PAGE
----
A first edition Harry Potter book that broke auction records is causing a stir at a literature exhibition.
The rare copy of Harry Potter and the Philosopher’s Stone, which is annotated and illustrated by its author JK Rowling, is the centrepiece at the Bodleian Library event.
The first in the seven-strong series sold for £150,000 at Sotheby’s two weeks ago.
It was couriered from the London auction the next day to the Oxford library in Broad Street in time for the event opening.
The book has been lent to the library by the anonymous phone bidder who bought it, and has been delighting schoolchildren from Oxfordshire on half-term holiday all week.
It is the first time the book has gone on display to the public.
Dr Judith Priestman, the exhibition’s co-curator, said: “It is enormously popular I can tell you that – it is so noisy in here at the moment, you can hear the excitement.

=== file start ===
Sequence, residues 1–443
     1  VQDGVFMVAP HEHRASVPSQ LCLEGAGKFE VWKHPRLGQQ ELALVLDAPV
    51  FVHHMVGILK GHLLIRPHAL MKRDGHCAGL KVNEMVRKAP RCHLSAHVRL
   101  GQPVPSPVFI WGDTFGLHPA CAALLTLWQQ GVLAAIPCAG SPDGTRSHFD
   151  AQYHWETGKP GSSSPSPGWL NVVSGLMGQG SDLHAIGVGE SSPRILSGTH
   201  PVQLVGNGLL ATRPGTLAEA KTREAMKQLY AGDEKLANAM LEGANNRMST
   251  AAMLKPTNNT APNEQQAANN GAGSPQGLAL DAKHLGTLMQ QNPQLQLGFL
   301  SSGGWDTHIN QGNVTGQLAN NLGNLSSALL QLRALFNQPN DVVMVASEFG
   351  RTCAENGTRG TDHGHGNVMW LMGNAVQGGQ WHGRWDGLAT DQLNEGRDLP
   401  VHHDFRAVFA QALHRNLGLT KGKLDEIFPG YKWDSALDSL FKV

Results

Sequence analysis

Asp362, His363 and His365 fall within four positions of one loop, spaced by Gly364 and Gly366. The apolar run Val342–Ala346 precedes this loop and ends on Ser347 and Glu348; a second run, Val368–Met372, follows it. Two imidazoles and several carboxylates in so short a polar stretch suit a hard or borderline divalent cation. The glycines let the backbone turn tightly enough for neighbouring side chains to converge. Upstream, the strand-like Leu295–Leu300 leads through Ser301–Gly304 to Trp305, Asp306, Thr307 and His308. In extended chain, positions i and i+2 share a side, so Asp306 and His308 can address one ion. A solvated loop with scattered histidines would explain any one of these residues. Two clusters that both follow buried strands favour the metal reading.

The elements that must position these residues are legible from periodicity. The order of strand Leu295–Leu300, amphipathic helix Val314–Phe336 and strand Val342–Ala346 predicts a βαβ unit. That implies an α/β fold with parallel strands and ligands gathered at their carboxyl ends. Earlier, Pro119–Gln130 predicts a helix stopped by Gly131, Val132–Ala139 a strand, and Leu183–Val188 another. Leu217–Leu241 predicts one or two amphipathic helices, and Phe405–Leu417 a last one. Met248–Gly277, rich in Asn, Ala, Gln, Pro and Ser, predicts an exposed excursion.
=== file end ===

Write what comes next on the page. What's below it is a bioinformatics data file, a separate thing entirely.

“I’ve just seen a group of young boys holding each other’s arms jumping up and down. “JK Rowling has written on it and done 22 of her own illustrations. They are her reflections, so they are really interesting.
“We are really lucky to have them here.”
The exhibition, Magical Books: from the Middle Ages to Middle Earth, opened on May 23 and runs until October 27, but the Potter book is only on display until Monday, June 10.
It sits beside JRR Tolkien’s original artwork for The Hobbit, CS Lewis’ map of Narnia and manuscripts by Oxford-based author Philip Pullman.
Richard Ovenden, deputy to Bodley’s librarian, said: “An exhibition on children’s fan-tasy literature could not have been complete without Harry Potter, the series that has captivated the imagination of the latest generation of children.”
The £150,000 paid is the highest for a Potter first edition. A JK Rowling manuscript of The Tales of Beedle the Bard sold for almost £2m in 2007.